The 12.9 per cent rise in value of Mr Leahy's pay package significantly outstripped the increase in Tesco's earnings per share, which rose by less than 8 per cent. The package included profit sharing of pounds 8,000, a short-term incentive of pounds 184,000, a long-term incentive worth pounds 128,000, and other benefits of pounds 16,000.
Mr Leahy, who became chief executive in February 1997, was closely followed by David Reid, the 52-year-old deputy chairman, whose total benefits package was pounds 836,000, up 12.5 per cent.
John Gildersleeve, commercial and trading director saw his package boosted from pounds 709,000 to pounds 782,000, while Michael Wemms, retail director, enjoyed an 11 per cent rise to pounds 658,000.
In spite of the size of the benefit packages, the pay rises are unlikely to prove controversial with shareholders. Tesco, already the leading supermarket retailer in the UK, succeeded in growing its pre-tax profits by 7.8 per cent to pounds 881m over the year.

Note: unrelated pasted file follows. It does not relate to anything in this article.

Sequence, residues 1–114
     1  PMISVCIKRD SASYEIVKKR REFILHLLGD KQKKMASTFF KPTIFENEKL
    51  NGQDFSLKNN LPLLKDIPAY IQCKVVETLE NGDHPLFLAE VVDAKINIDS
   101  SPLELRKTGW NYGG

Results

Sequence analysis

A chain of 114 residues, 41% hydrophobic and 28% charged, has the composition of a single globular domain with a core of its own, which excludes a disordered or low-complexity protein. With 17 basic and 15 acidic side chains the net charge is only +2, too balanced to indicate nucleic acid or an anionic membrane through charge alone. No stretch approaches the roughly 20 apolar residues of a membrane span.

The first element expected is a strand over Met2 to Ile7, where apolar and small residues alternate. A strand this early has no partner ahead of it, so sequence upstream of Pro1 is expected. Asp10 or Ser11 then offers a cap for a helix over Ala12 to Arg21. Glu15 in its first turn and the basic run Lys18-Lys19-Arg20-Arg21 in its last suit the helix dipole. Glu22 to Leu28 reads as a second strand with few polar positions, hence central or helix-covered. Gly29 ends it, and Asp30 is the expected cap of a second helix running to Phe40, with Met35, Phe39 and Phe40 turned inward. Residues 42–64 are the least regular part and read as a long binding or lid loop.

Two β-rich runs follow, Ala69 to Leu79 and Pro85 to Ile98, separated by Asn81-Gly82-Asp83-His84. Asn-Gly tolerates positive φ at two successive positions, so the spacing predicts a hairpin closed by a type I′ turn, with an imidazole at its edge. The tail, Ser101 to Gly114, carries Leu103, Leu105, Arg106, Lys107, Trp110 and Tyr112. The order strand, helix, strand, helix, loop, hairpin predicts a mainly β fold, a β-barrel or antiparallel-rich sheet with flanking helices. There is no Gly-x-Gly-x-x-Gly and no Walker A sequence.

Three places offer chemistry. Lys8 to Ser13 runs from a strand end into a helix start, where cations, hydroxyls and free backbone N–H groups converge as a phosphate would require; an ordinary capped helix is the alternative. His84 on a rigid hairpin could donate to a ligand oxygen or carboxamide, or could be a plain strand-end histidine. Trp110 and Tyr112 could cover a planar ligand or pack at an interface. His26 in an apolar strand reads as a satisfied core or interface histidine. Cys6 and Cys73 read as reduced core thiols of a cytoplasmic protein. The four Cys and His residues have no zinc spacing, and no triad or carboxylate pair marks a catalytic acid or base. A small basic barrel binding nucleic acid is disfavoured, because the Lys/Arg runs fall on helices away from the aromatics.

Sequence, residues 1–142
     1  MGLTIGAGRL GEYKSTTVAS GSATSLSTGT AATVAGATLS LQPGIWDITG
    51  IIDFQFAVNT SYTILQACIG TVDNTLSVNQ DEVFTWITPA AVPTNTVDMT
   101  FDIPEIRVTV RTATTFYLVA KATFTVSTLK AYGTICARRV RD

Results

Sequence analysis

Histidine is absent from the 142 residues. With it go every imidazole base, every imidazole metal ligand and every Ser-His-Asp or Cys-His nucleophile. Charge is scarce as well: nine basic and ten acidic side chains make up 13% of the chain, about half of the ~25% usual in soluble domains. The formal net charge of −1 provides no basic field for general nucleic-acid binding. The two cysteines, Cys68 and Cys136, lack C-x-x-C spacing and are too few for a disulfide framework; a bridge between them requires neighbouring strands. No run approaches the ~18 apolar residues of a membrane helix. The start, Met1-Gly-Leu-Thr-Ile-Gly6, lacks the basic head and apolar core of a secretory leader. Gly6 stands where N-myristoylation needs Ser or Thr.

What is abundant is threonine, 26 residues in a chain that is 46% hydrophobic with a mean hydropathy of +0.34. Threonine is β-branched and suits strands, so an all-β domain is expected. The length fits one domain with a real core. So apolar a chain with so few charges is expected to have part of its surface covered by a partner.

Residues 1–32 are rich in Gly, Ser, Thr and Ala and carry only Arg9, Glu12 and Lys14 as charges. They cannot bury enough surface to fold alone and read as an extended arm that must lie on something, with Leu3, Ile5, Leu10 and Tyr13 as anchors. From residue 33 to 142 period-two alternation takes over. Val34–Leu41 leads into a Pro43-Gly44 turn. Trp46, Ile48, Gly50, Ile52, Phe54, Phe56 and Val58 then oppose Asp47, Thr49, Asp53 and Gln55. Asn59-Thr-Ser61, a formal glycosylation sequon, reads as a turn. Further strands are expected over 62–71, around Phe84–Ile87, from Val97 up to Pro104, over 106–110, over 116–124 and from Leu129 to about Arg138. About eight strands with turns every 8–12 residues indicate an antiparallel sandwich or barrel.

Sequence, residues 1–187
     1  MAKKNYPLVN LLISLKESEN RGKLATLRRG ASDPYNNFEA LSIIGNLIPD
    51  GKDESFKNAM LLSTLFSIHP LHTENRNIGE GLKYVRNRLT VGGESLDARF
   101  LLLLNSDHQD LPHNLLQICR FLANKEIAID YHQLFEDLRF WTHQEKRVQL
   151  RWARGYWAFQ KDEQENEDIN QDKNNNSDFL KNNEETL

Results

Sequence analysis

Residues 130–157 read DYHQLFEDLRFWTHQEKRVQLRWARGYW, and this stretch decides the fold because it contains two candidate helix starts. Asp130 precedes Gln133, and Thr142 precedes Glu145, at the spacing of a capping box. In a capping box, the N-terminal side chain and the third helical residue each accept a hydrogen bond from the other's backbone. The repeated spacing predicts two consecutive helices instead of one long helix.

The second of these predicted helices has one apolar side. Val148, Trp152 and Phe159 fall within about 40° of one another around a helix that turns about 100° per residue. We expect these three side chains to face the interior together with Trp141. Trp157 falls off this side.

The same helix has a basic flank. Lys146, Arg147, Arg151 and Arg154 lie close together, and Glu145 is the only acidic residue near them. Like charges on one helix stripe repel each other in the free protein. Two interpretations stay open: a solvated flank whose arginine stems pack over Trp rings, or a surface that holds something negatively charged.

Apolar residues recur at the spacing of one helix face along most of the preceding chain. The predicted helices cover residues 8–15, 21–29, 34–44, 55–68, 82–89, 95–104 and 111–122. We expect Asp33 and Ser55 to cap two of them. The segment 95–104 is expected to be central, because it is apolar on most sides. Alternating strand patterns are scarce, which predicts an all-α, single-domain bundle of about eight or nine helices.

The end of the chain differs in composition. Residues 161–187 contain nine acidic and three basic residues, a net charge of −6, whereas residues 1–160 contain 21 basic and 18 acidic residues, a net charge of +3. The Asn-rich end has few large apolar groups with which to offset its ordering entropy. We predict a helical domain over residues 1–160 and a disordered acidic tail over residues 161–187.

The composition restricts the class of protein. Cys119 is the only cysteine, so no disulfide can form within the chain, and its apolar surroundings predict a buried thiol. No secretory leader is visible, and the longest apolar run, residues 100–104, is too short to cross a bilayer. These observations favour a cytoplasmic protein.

The group saw its share of the supermarket sector grow from 15.2 per cent to 15.8 per cent and invested pounds 600m to improve existing stores. One analyst said: "The pay is not excessive given what Tesco's been able to do, in market conditions that weren't always easy."
Tesco executives were also rewarded with share options. Mr Leahy was granted 126,832 options during the year and now owns more than 2.4 million options. Tim Mason, Tesco's 41-year-old marketing director, was granted 468,287 options during the year. He exercised 729,357, rerealising pounds 594,000.